Why we still really like Personas

| 12 March 2024

Over the last decade or so we have been involved in a number of discussions about the value that personas play in the design process. When Jobs-to-be-done (JTBD) started becoming popular, we too thought it was the upgrade to personas that we have been waiting for. But years after implementing JTBD in our workshops and design process, we are still using personas and probably will for a while. We find it works really well with JTBD too.

The personas that we create are not market segmentation. They are not used to understand how large your target market is, or what demographic they are. They are also not used for large strategic business decisions. They don’t need to be printed out as massive banners hanging under the corporate office lifts. They, just like most journey maps, are tools we use to help designers create great experiences. They are an aid in the design process, not a final deliverable.

The personas we create do two things:

1) They allow the designers to have honest conversations with themselves, each other, and stakeholders about customers.

2) They help to sort and categorise customer needs.


Help with design conversations

For a designer to be able to make anything for another person, they need to imagine how the other person will interact with the things they’re designing. This happens constantly. With every stage of the journey, every new button added, every word of the copy. The designer needs to be thinking “How could our customers perceive this?” Trying to do this with an undefined group of people is hard. It’s much easier to ask yourself “How could Mary perceive this?” This is the same when having a conversation with team members. It’s much easier to use a persona name than explain the customer each time they discuss design choices.

Having this emotional connection with an individual is extremely helpful when creating something. And as we know, it does not need to be a real human, just a believable and realistic one.


A way to group needs

We really like Jobs-to-be-done as a way to capture customer needs. But, people with different motivations and behaviours, have different needs. We have found that attaching JTBD to a persona allows us to easily group the needs and adds an additional emotional aspect to each need. It makes each need easier to understand when you understand the motivations.


The hesitancy 

Despite these benefits, some people feel that personas are not worth the time needed to create them. One of the main criticisms of personas is that they can be overly simplistic and not reflect the complexity of real users. Critics argue that personas often rely on stereotypes and assumptions, rather than real user data. While there is some truth to this criticism, it is important to note that personas should never be created with little to no knowledge of the customer. Instead, personas should be based on real user data, such as user interviews, surveys, and analytics. By using real data to create personas, designers can avoid relying on assumptions and stereotypes.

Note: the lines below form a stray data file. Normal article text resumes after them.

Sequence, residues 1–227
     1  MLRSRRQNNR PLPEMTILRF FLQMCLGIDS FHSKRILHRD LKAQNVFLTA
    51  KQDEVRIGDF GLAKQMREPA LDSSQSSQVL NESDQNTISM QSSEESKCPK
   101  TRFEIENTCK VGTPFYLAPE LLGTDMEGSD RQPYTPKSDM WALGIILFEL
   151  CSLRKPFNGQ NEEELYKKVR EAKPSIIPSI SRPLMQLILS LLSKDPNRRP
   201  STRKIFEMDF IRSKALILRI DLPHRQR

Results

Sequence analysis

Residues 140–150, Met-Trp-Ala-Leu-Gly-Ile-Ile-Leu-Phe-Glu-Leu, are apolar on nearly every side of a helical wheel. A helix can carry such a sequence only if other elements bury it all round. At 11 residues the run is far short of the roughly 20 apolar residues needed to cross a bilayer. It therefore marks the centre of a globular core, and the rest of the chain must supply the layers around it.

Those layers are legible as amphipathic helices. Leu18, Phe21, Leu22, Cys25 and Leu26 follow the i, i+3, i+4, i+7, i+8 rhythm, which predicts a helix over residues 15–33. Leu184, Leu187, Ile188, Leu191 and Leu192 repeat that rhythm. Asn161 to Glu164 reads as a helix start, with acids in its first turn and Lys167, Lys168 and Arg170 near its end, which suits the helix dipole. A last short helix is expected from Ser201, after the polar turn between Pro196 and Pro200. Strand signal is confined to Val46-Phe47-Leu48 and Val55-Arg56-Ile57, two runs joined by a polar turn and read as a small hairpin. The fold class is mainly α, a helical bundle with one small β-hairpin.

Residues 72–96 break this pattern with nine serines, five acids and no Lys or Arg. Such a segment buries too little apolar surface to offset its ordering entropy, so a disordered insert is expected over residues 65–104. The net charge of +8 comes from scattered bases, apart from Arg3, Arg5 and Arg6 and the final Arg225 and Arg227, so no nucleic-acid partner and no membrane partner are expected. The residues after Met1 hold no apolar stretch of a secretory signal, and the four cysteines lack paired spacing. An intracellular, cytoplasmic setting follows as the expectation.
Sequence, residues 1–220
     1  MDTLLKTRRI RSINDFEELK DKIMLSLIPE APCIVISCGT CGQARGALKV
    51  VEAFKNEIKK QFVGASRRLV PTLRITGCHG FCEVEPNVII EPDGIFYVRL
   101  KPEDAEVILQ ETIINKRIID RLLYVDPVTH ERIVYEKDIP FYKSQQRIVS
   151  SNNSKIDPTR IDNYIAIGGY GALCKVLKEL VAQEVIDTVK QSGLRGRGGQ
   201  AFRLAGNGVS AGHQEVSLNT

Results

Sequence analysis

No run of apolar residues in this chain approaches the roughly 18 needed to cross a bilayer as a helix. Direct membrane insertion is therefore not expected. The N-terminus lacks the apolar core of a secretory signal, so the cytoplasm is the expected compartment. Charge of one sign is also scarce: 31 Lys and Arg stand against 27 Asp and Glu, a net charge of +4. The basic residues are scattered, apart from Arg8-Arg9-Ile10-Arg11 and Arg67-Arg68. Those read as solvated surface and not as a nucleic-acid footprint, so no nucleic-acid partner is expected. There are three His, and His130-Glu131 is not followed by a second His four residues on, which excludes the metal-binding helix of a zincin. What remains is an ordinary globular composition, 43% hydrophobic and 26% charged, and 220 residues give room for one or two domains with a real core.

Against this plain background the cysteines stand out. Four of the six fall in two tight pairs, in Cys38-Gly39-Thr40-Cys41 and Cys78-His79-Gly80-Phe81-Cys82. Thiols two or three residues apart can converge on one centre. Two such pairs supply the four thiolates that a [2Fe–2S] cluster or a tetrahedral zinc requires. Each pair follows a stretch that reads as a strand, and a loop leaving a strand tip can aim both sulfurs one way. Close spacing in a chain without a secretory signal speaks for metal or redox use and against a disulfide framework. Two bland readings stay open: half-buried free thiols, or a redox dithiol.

Another criticism of personas is that they can be too focused on the individual user, rather than the broader context in which they operate. However, this can be addressed by creating multiple personas that reflect the diversity of the user base. By creating a range of personas that represent the edges of the target market, designers can better understand the different motivations and behaviours of their users. When they design something that works for the edges of the customer base, everyone in between is looked after too.


Who are they for?

Personas are not for everyone in the business, but we feel they are essential for the product team, especially the designers. So if you are not a designer and find yourself in a persona workshop wondering why you are there, remember that this tool might not be useful to you, but it will be for your product team, and your input will help.

Persona exampleAn example of a persona we have created in the past

Topics not in this article

We can discuss many aspects of using personas for days, but unfortunately, it’s impossible to cover them all in one article. For example, we did not cover the design of a good persona, how dimensions work, or the differences between an archetype and a persona. But worry not—we will do our best to cover those in future posts.